Some years ago, I had occasion to read The Sabres of Paradise by the late Lesley Blanch, published more than sixty years ago. It is a remarkable story of resistance to empire, heroism and treachery, savagery and generosity, religious fanaticism and imperial ambition. Though the tale it tells occurred over 150 years ago, its implications for our era are evident on nearly every page. If you want to understand something of the futility and hubris of the American effort to pacify Afghanistan and the unruly clans of Pakistan, not to mention the theocratic fanaticism and tribal irredentism tearing apart Mesopotamia, or the forlorn and ruthless Russian war against Chechnya’s murderous insurgents, you would do well to consider the story of Shamyl, Imam of Daghestan.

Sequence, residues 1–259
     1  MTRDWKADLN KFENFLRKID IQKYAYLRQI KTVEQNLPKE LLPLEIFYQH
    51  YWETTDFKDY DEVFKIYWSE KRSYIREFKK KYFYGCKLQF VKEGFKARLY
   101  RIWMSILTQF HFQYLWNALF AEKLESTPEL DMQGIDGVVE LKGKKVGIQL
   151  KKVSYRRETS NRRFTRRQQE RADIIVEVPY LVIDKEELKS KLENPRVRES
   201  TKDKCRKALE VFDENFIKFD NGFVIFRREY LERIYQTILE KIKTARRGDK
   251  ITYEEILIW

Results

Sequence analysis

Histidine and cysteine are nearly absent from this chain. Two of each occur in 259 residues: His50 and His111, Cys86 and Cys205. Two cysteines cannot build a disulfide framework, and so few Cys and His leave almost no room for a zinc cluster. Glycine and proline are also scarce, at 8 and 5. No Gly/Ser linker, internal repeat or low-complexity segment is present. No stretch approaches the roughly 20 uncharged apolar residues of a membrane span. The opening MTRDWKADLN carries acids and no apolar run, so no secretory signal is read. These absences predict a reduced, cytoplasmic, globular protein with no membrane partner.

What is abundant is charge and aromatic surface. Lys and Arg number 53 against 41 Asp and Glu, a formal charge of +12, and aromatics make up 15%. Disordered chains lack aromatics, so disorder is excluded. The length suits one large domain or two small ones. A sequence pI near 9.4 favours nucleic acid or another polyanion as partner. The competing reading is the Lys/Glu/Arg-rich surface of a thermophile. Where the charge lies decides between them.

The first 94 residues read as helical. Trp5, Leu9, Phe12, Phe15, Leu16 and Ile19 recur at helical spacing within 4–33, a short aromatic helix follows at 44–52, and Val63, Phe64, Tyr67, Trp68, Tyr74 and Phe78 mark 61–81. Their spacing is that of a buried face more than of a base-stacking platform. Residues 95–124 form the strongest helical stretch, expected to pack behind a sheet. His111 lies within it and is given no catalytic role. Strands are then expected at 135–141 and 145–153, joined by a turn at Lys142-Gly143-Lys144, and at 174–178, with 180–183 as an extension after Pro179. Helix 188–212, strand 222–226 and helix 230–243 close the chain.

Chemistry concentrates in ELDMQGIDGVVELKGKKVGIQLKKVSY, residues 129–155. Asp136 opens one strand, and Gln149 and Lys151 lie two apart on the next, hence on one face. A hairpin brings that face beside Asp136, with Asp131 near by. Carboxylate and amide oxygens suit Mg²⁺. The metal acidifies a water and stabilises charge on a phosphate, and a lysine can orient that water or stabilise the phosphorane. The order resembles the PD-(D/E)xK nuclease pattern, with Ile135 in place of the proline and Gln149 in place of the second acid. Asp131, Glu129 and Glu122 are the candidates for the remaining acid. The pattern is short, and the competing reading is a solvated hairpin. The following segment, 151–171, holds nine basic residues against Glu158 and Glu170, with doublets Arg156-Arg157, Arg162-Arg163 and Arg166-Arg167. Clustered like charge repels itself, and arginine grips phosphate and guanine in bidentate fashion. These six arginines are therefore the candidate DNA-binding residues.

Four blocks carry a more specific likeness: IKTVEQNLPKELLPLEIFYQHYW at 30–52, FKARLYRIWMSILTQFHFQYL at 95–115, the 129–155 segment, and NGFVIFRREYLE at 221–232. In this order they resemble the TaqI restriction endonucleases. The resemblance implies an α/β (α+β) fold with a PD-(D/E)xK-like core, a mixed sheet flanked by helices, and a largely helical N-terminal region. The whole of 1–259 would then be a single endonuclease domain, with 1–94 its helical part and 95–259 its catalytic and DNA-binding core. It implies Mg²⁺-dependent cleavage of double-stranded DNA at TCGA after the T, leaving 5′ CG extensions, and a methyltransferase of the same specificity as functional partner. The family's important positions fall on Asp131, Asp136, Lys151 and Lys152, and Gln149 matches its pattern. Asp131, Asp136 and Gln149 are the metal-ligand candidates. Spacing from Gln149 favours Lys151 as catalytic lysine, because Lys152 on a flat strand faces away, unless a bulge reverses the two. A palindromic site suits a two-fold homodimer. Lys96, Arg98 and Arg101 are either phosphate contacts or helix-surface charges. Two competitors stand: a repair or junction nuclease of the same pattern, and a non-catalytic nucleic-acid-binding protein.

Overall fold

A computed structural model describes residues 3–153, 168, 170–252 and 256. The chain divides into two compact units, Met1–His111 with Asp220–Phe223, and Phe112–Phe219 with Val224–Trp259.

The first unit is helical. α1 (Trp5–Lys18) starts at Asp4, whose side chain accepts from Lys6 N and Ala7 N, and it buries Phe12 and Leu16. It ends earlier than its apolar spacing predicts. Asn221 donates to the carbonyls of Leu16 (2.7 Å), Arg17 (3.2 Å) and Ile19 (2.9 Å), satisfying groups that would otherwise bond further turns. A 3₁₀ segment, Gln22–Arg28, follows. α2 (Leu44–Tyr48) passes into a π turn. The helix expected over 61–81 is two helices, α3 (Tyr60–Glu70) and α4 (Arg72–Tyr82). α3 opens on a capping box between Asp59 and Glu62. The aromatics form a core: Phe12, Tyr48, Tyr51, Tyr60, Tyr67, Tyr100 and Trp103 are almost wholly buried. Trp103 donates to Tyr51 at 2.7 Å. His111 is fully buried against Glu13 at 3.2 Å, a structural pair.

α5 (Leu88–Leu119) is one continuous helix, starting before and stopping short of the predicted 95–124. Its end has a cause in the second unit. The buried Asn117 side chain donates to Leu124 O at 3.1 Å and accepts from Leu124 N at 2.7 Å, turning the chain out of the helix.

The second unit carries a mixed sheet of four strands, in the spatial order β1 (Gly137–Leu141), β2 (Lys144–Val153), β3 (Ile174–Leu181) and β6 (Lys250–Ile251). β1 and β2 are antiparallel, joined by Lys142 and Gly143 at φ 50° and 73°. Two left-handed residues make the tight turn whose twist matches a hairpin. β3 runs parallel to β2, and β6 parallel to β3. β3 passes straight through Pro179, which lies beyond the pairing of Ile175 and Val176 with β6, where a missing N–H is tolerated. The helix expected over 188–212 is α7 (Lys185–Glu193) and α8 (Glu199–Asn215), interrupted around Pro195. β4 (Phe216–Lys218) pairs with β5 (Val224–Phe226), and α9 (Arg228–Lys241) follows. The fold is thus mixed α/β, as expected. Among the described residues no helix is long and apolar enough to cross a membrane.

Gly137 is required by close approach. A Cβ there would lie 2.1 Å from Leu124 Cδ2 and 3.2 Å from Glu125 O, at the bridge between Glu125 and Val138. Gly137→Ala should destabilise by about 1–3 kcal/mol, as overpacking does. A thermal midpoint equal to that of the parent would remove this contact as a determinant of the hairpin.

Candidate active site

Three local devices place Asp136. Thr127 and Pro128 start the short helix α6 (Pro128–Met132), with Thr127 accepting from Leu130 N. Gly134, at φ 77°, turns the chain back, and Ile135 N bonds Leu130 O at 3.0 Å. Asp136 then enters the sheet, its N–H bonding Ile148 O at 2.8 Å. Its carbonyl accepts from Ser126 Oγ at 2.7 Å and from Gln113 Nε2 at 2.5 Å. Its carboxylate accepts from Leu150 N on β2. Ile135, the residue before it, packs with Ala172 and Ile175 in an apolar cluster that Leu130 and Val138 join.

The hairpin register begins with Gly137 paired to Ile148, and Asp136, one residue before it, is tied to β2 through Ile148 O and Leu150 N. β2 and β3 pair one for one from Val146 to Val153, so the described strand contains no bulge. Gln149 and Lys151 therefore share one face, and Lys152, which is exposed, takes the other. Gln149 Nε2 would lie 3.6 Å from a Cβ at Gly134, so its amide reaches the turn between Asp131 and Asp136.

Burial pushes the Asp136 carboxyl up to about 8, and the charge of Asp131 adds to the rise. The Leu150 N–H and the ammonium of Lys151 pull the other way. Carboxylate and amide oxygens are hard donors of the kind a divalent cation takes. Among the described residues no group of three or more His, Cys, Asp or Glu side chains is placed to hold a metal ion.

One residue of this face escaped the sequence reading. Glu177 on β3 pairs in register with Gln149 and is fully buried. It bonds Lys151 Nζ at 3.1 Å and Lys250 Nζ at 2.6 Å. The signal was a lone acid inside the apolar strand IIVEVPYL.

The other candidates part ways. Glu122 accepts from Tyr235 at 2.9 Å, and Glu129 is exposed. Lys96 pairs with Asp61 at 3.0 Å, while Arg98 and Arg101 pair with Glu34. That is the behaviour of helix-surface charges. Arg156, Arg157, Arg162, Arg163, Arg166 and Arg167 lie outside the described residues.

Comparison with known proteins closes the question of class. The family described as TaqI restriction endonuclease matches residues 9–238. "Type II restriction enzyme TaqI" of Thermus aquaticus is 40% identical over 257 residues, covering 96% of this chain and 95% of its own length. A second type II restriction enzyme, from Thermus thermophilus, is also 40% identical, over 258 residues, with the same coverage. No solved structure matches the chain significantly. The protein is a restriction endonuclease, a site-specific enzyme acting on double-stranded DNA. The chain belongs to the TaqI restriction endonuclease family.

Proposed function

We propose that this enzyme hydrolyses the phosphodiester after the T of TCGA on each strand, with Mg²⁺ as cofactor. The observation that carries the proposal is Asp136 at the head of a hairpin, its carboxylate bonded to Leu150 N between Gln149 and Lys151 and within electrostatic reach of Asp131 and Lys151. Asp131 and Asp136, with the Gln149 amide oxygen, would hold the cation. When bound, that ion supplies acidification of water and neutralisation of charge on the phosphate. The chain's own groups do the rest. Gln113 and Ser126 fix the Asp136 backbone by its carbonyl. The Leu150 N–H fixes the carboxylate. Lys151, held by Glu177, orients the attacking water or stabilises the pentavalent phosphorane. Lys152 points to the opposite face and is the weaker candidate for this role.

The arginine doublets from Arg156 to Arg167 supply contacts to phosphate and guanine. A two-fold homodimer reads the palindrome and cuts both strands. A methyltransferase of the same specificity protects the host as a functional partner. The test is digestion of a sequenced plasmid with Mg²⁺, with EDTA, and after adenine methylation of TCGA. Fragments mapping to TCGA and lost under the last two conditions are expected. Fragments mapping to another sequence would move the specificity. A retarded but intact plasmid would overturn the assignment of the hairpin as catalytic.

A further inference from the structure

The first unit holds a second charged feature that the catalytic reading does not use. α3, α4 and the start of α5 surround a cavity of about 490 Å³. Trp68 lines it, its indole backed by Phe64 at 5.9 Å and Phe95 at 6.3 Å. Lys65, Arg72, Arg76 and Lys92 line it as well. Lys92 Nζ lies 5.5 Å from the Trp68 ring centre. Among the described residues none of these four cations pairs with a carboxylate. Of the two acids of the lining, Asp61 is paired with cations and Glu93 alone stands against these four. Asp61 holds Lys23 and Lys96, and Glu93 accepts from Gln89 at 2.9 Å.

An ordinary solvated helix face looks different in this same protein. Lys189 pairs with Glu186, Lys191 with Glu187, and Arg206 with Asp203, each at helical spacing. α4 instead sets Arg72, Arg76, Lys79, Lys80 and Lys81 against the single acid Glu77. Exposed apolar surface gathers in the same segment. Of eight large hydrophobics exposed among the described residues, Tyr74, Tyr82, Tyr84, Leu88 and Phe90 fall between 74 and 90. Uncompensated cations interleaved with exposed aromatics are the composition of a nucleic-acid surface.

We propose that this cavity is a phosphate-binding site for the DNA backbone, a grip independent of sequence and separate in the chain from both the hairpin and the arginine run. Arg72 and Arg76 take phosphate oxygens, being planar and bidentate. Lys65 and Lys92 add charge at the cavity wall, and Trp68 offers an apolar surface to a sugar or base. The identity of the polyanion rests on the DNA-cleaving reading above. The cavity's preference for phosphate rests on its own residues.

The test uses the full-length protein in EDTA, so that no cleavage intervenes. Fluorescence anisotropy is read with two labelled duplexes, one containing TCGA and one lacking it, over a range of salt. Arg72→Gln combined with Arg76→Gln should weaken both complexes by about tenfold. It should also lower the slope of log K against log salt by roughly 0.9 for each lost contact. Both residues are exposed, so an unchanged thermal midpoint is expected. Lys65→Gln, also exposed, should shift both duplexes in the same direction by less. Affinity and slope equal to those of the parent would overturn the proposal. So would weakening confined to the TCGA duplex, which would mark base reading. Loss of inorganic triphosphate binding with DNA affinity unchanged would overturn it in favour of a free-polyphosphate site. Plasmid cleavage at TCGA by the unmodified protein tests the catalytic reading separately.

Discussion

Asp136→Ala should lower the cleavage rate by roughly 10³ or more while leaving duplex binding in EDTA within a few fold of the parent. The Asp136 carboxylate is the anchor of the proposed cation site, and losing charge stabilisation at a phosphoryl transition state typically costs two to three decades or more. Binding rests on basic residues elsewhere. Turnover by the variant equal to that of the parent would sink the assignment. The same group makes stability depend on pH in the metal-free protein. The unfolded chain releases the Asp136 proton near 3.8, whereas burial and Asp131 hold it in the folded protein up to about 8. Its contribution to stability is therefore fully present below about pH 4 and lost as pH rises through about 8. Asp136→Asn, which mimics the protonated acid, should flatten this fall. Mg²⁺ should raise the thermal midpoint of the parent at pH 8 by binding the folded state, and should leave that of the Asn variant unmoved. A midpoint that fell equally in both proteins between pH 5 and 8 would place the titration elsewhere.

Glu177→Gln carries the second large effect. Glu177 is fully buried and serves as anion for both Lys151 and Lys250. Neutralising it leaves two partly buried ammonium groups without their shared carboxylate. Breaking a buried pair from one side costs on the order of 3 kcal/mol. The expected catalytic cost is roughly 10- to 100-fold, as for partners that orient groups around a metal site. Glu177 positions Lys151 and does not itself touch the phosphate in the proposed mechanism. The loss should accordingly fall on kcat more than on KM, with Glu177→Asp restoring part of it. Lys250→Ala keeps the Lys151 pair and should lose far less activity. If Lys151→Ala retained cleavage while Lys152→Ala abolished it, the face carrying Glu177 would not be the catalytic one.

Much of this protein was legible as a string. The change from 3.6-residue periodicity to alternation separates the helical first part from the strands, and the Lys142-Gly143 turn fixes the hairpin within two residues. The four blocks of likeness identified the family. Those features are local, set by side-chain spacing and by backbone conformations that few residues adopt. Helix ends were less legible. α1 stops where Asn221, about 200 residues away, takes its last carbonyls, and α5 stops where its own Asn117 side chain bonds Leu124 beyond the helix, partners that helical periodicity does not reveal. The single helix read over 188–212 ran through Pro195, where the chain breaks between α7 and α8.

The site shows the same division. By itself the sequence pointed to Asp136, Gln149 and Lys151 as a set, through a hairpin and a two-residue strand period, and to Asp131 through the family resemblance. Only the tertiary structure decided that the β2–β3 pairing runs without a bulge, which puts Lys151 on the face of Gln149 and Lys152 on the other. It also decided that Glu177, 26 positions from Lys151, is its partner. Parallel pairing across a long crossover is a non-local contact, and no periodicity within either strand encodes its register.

Media Release | Far To Go and Many To Love: People and Places by the author of The Wilder Shores of Love
Far To Go and Many To Love: People and Places is the sequel to the memoirs of Lesley Blanch, published posthumously by Virago, On the Wilder Shores of Love: A Bohemian Life. Available for the first time as a paperback and an e-book.
The collection opens with an insightful introduction about her two great loves: émigré theatre director, Theodore Komisarjevsky, and twice-Goncourt-winning novelist, Romain Gary. Her impressions of people and places have an enduring intensity and she writes of them as vividly as she does her own experiences.
We see rising stars Vivien Leigh and Peter Ustinov in 1940s London; and war reporter Germaine Kanova, the ‘French Lee Miller’; the last great Ruritanian Queen Marie of Rumania in her Balkan setting; and Pierre Loti in Turkey, or rather Loti-land.